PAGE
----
Well I certainly did. As soon as we moved in and looked at the low narrow fireplace with it’s ostentatious marble hearth extension clashing with the painted brick mantel, under-tall and over deep fire box waiting to suck the heat out of the house. Out of scale with the room, lopsided and awkward looking, a… Continue reading So you want a woodstove…
With the help of friends and children, I press the cider from the orchard. I make no effort to mix the juice so it varies from very sweet to pretty tart bottle to bottle. The day is beautiful and my only regret that covid keeps more people from sharing the sun is glows, the wind… Continue reading Cider pressing
The week started out well enough; Monday I set out on on my latest hobby, climbing hills on a bicycle. Fifty miles and 2,600 feet of elevation in the clear early autumn sun. Two stops, one tire change later I returned home showered and, unusually for me, napped. The day was warm for this time… Continue reading The Burning West
He had followed the police instructions, She had worn a longer dress, That child stayed on the sidewalk, The protesters been more Christ-like. These lies we tell ourselves to sooth the ugly truth; Flowers on another grave, A life of promise altered, torn A set of new shoes never worn. If only the victim had… Continue reading If only
Well it has been awhile since I have written. It has also been awhile since I spent some quality time in the Garden. For weeks it has been quick forays to harvest kale, and more kale. So much kale. That and harvest another crop of tomato leaves and look at green tomatoes by the dozens… Continue reading Garden Surprise.
I was writing a post about life here on the farm as the news rolled in. It is peaceful here but my heart troubled. So today the blog rolls of the farm and into the rest of the world. But first a little history. Many years ago when my oldest was a baby I apparently… Continue reading Judge Not.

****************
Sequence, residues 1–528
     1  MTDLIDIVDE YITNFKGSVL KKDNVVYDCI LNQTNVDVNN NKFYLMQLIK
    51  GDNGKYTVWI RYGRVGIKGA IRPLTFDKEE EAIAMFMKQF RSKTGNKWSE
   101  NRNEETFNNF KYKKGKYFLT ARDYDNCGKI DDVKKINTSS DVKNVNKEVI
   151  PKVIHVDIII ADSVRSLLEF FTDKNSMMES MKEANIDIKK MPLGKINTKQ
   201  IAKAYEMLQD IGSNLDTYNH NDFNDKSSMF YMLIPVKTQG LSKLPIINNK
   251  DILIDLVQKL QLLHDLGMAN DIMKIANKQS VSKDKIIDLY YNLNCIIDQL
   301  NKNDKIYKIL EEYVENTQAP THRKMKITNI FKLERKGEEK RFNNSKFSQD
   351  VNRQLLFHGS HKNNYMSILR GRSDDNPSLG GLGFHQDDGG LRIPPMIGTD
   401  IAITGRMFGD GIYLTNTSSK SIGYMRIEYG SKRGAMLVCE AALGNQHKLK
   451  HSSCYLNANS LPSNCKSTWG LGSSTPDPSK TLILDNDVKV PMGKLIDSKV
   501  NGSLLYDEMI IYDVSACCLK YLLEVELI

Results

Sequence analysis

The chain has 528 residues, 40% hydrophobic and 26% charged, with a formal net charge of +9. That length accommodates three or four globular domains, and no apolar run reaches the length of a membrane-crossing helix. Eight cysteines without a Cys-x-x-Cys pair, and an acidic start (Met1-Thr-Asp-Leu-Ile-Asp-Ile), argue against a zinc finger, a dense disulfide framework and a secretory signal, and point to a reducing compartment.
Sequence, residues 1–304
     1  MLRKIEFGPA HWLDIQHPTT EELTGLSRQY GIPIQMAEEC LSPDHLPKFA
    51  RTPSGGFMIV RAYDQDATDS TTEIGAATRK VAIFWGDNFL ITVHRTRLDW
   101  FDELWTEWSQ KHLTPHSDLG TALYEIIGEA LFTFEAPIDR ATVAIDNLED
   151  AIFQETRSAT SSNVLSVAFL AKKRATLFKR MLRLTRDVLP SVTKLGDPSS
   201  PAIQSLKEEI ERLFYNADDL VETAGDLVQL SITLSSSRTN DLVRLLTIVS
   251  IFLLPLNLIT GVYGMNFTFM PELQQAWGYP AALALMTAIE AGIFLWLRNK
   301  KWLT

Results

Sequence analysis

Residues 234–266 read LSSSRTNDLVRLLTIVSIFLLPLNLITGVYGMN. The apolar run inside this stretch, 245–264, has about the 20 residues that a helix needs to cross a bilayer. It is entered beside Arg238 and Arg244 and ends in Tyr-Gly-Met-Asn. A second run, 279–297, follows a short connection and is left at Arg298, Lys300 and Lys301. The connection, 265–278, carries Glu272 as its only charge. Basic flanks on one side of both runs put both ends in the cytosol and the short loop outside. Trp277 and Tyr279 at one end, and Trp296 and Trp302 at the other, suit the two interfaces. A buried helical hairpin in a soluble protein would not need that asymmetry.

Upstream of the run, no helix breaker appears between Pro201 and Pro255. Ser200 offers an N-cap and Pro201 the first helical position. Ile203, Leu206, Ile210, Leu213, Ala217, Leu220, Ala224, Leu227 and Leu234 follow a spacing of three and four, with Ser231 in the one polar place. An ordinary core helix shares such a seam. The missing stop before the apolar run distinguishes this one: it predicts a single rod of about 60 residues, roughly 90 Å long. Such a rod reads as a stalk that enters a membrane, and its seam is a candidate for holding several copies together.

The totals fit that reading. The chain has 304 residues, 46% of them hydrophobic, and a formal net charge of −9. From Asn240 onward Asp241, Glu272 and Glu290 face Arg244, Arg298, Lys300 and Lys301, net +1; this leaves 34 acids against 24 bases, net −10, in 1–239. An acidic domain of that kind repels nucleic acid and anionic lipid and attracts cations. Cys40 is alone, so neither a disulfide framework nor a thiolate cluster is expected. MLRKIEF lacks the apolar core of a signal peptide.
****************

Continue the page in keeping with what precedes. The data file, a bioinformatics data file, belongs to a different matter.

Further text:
Now entering the Groundhog Day phase of the shutdown I sit talking to my dog while drinking coffee in the early morning. The valley is gray and the spring rains have returned. The lettuce thrives and the tomatoes droop. Yesterday was placing pipe in the trench dug Friday. Today I eat to soften the ibuprofen… Continue reading Spring rituals
The cats are curious why I insist on picking them up and sniffing them before the letting them in the house. The night before while introducing my daughter to Indiana Jones with all the windows open the smell of skunk came powerfully through the house. We closed the windows but I wondered “who is having… Continue reading The smell of summer.
I get a text from my son’s fiance about a farm sale, looking over the add I ask her if I can tag along. I have mixed feelings about these events despite a love of thrift and the realization that the ex farmers will not be needing the tools much longer. Wandering through the bones… Continue reading Just Flowers
In a mass casualty event there are, in the most general terms, three classes of injuries; those that are likely to be fatal no matter the medical intervention, those likely to survive with or without immediate intervention lastly and those who will survive if medical intervention is initiated quickly, This is where the word “triage”… Continue reading Triage and the election.